Egyptians in D.C. area react to military overthrow of Muhammad Morsi
Barely 24 hours ago after Egyptian President Muhammad Morsi was overthrown and only a year after he was the country's first democratically elected president, Judge Adly Mansour was sworn in as interim president.
Morsi has been under house arrest at an undisclosed location.
The Obama Administration is keeping a close watch on the situation while advising Americans in Egypt to leave.
And Egyptians who live in the D.C.area are also concerned over the military coup.
Pictures of thousands protesting in Cairo have captured the attention of the world as the eEyptian military seized power from the country's first democratically elected president and leader of the Muslim Brotherhood.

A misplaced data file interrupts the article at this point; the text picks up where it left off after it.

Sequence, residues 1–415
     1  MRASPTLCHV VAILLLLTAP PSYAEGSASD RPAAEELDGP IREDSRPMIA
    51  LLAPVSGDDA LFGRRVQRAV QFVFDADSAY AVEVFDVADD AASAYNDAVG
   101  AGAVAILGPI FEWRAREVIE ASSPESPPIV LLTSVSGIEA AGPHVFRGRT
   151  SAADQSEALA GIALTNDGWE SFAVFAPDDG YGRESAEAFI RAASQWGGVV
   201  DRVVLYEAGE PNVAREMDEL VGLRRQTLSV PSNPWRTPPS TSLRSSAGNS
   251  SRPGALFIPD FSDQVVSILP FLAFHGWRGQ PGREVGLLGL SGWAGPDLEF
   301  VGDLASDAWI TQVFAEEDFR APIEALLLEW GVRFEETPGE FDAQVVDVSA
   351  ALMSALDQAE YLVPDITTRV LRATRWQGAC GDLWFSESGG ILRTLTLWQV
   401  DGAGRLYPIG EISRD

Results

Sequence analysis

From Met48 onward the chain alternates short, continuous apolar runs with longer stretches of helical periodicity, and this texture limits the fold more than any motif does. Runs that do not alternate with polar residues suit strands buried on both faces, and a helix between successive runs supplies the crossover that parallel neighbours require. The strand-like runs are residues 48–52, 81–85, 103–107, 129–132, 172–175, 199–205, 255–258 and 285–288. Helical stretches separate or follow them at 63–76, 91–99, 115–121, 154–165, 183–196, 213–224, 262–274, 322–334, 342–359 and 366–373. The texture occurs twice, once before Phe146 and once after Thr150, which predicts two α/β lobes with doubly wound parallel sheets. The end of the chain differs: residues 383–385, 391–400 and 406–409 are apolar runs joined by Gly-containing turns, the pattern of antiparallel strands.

"I am very happy for what has happened in my country,' says Manal Fahmi who was naturalized as an American citizen today.
.She and her cousin, in Mount Vernon for the ceremony today, are optimistic about the future of Egypt.
"We celebrate Independence Day in America today and in Egypt we celebrate independence, too, from the Muslim Brotherhood," says Ayob Metry.
But as both supporters and opponents of Morsi fill the streets by the tens of thousands in Egypt, tensions in that country remain high. The protests up until now have been peaceful for the most part but many political observers are worried about what might happen next.
"I'm worried now that what we've got is a cure that could be worse than the disease" says Tamara Cofman Wittes of the Brookings Institution.
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